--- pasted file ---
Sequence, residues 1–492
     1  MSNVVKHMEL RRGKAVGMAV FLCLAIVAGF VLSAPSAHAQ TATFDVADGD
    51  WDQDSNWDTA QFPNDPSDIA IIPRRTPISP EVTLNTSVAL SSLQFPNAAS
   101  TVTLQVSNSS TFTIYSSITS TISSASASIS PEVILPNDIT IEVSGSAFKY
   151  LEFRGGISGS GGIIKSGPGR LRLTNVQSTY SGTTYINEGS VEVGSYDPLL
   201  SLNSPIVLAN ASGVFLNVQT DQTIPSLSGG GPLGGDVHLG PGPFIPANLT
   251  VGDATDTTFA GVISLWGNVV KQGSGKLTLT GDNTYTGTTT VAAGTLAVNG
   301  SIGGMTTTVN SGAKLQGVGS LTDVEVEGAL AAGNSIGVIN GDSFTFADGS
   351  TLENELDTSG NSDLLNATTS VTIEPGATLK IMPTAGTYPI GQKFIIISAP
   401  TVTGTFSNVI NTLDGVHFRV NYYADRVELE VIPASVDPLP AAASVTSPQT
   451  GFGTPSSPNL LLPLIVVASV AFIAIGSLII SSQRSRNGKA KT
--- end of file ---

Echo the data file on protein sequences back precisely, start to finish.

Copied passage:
Sequence, residues 1–492
     1  MSNVVKHMEL RRGKAVGMAV FLCLAIVAGF VLSAPSAHAQ TATFDVADGD
    51  WDQDSNWDTA QFPNDPSDIA IIPRRTPISP EVTLNTSVAL SSLQFPNAAS
   101  TVTLQVSNSS TFTIYSSITS TISSASASIS PEVILPNDIT IEVSGSAFKY
   151  LEFRGGISGS GGIIKSGPGR LRLTNVQSTY SGTTYINEGS VEVGSYDPLL
   201  SLNSPIVLAN ASGVFLNVQT DQTIPSLSGG GPLGGDVHLG PGPFIPANLT
   251  VGDATDTTFA GVISLWGNVV KQGSGKLTLT GDNTYTGTTT VAAGTLAVNG
   301  SIGGMTTTVN SGAKLQGVGS LTDVEVEGAL AAGNSIGVIN GDSFTFADGS
   351  TLENELDTSG NSDLLNATTS VTIEPGATLK IMPTAGTYPI GQKFIIISAP
   401  TVTGTFSNVI NTLDGVHFRV NYYADRVELE VIPASVDPLP AAASVTSPQT
   451  GFGTPSSPNL LLPLIVVASV AFIAIGSLII SSQRSRNGKA KT